At this point, nearly everyone on Twitter was discussing Elon's potential buyout. The situation brought a huge amount of attention to the story, and while all eyes were on him, Elon pointed out that most members of Twitter's board had almost no significant ownership in the company, and were being paid $200,000 - $300,000 per year for what most would consider a very small amount of work on their part. Elon also proposed the idea of turning Twitter headquarters into a homeless shelter, which idea was also met with significant controversy.

Musk had already purchased a whopping 9.2% stake in the company, significantly larger than his friend and Twitter founder Jack Dorsey. Shortly after this purchase, Musk announced his desire to purchase all shares of the company, buying it outright at a significant premium. Al Waleed bin Talal Al Saud, a Saudi prince, businessman, and billionaire, Tweeted shortly after that he and his company would not be selling their 5.2% stake, as even Musk's offer does not "[come] close to the intrinsic value of @Twitter given its growth prospects."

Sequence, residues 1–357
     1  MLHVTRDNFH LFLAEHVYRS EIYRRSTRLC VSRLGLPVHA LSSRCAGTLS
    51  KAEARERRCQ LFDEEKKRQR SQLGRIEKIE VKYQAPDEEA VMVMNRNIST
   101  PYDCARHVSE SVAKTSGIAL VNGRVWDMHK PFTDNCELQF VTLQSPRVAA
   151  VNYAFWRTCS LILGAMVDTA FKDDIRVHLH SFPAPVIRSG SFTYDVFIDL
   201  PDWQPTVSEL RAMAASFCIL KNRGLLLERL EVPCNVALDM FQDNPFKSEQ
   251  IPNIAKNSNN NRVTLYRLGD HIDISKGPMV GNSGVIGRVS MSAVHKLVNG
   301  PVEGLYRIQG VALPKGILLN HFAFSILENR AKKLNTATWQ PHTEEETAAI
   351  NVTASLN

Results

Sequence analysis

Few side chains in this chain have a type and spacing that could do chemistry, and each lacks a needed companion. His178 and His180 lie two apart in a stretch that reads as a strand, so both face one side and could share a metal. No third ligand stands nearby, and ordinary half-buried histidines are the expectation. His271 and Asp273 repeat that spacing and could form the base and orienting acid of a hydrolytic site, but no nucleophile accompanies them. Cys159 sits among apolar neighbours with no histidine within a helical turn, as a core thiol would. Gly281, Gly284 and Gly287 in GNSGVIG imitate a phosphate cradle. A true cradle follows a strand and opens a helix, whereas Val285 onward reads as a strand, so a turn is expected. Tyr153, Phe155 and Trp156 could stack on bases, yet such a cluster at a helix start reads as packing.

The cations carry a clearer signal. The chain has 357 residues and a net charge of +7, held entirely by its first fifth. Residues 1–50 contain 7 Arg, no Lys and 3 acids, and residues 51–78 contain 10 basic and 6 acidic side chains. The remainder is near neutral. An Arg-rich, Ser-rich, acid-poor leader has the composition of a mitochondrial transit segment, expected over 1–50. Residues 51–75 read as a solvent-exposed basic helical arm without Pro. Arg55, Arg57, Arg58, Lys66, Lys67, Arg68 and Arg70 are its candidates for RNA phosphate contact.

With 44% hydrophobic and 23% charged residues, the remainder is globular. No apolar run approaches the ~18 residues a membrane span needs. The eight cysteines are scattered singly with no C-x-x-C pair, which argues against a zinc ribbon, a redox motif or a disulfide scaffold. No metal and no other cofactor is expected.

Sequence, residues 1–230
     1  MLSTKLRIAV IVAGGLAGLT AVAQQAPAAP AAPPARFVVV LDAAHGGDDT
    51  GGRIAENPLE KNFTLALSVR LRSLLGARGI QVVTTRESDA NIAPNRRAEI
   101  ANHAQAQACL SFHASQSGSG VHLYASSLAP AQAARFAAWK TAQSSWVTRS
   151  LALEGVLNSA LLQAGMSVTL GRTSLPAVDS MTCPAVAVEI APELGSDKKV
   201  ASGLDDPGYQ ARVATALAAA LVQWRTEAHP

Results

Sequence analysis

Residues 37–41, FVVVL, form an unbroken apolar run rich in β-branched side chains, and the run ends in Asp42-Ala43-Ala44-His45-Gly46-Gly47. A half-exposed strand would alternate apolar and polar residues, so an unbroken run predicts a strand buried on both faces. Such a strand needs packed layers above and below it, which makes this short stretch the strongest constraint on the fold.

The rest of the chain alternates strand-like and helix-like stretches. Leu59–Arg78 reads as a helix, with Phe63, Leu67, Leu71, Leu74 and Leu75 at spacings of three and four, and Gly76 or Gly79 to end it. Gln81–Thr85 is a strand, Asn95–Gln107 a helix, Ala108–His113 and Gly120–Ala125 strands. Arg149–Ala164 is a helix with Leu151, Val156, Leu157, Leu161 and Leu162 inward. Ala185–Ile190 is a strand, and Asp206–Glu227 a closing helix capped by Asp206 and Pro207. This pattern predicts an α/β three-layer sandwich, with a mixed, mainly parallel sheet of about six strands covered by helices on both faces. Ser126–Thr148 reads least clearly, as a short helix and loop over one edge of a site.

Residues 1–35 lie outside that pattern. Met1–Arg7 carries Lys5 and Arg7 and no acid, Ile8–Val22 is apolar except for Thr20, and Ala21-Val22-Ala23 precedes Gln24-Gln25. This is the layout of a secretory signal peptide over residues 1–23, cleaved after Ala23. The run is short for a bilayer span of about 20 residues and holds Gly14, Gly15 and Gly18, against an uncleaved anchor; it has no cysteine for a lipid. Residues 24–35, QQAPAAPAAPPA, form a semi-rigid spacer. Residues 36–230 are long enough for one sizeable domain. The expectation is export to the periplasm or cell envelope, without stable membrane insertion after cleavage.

Whether Talal actually believes in the future of Twitter is subject to speculation, but one can safely assume that a Saudi prince would not be well inclined to sell anything to Mr. Electric Car, let alone something Musk greatly desires. It is highly unlikely that this fact was unknown to Elon. Of all the opinions that have been freely spouted on this subject, allow me to present a possibility that I have not seen anyone talking about.